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A Very Simple but Very Difficult Teaching
Ken: So you are saying that I still have more work to do. Please… no!
James: As long as you are a doer, doing never ends. However, if you are the self, the doer and its doings have no impact on you. Firm self-knowledge is the only way out of the doer trap.
Ken: If I am the self as you say, then who is the doer? We are then getting a split personality here.
James: No split, Ken, just one you appearing as two by virtue of Maya. The “doer” is a function in the subtle body that makes it look as if the self is doing.
Ken: I can’t get it; if I am one, how can I appear as two? I have to be either one or two or neither of them.
James: When you look in a mirror there are two “yous.” One is the real you and the other is a reflection. There is an unconscious power in everyone called Maya that produces a reflection of your real self in your mind that you take to be the only you. The reflection in the mirror looks just like you, and you can count it as a second you, but you know it is not real. Vedanta makes you aware of the real you, and when you are aware of it, you see that the you you always thought you were is only a reflection. So it is a “both/and,” not an either/or. This fact is very difficult to understand because the intellect is conditioned to duality, unless it has been cultivated by continual exposure to Vedanta.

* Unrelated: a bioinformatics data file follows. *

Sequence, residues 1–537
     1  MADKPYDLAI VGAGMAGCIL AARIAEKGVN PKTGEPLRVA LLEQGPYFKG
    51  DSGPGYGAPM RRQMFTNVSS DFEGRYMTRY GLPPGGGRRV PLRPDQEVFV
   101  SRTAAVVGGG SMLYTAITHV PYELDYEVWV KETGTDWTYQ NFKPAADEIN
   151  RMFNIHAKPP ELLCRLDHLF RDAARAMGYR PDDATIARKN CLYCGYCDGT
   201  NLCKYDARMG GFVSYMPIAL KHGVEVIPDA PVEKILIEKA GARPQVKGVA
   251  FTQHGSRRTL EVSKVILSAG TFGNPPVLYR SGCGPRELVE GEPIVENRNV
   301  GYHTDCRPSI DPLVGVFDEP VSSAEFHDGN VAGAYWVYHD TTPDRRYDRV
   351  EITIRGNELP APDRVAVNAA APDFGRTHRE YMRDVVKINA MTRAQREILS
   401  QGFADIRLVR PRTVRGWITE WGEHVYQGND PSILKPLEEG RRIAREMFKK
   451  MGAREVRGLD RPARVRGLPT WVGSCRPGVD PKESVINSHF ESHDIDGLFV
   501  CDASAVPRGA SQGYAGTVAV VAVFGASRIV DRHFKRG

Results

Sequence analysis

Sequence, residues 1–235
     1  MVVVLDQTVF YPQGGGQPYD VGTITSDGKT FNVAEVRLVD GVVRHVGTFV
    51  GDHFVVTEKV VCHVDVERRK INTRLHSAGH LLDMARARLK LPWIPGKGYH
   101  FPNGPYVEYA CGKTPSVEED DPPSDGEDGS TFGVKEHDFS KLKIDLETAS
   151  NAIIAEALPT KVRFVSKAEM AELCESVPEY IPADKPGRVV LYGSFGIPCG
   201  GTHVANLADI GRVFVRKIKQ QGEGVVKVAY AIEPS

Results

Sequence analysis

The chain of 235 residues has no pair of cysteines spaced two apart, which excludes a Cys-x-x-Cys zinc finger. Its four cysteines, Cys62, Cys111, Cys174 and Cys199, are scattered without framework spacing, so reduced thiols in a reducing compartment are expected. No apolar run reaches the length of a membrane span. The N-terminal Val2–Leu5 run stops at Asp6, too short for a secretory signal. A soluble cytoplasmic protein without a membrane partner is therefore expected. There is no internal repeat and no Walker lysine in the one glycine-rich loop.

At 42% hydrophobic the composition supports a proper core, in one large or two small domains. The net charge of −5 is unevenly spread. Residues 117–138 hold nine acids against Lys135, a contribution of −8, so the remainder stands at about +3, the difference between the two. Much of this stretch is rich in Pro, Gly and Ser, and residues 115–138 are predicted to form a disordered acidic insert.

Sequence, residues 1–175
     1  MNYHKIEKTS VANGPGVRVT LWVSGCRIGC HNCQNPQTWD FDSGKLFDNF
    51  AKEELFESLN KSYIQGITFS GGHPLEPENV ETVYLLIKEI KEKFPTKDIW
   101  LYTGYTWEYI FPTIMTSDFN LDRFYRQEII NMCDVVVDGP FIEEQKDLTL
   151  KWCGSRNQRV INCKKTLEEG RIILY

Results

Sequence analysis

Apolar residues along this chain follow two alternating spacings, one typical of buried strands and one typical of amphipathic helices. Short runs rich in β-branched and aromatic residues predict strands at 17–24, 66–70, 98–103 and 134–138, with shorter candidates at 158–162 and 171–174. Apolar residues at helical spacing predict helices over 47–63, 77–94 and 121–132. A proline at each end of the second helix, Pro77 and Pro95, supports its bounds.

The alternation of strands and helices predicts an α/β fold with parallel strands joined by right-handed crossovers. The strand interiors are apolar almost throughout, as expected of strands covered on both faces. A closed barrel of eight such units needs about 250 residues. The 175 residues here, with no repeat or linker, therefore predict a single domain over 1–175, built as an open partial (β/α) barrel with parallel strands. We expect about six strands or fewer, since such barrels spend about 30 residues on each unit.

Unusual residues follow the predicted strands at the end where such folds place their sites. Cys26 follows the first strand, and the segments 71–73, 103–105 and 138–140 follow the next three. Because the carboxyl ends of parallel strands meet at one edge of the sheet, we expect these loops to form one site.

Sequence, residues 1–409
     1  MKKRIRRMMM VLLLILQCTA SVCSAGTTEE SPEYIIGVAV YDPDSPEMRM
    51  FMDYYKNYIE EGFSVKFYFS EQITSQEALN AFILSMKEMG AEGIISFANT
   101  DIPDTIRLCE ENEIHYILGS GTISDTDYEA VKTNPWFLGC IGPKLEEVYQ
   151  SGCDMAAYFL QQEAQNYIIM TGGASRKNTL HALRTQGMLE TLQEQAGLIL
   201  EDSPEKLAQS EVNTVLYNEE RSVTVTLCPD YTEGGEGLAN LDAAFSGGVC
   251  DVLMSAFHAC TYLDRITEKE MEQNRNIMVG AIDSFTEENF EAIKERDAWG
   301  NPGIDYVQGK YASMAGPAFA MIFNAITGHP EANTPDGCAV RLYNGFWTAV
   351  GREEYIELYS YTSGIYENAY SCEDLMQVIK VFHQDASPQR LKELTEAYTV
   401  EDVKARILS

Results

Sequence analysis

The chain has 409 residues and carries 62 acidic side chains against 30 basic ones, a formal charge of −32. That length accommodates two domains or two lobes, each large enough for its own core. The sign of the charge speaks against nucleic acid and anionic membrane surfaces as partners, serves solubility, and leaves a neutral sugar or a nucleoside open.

Ken: Okay, thanks for your detailed reply and explanation of your view, it is quite interesting to read and a lot of data to process. ☺ By the way, when we sleep and are in a deep sleep state when nothing is registered by any awareness, can we say that we exist at that moment, even if we later woke up and “knew” we have been sleeping?
James: It depends on who the “you” is. If “you” refers to the mind, then it seems to non-exist for a few hours, but it is actually not-nonexistent because it returns with its predictable thoughts when it wakes up. It goes into what we call a “seed” or dormant state. But the real you does not cease to exist. It is your existence, your “is-ness,” which is non-separate from existence itself. Existence/consciousness doesn’t come and go. It is unborn and eternal. If you take yourself to be the reflected self, the mind, then you can say that it comes and goes because it has two states, manifest and unmanifest. But existence is non-dual. It doesn’t have two states. If it did, you would have to ask what existence exists in. There would have to be something behind it from which it came and into which it is resolved. You will find this firefly notion of the self in the spiritual world.
What I’m saying is not “my” view, although it may seem that way. I am a teacher of traditional Vedanta, the science of existence/consciousness. However, it so happens that I have verified this knowledge in my own experience. It is more than a point of view, a belief. It is a direct palpable experience of myself as limitless existence/consciousness. I notice from your last name that you have Buddhistic inclinations. I suggest you read my book The Essence of Enlightenment. It will help to contextualize this discussion so it will make more sense to you.
Ken: Hold on, then this reflection of false me happens in the mind, which is part of a real me?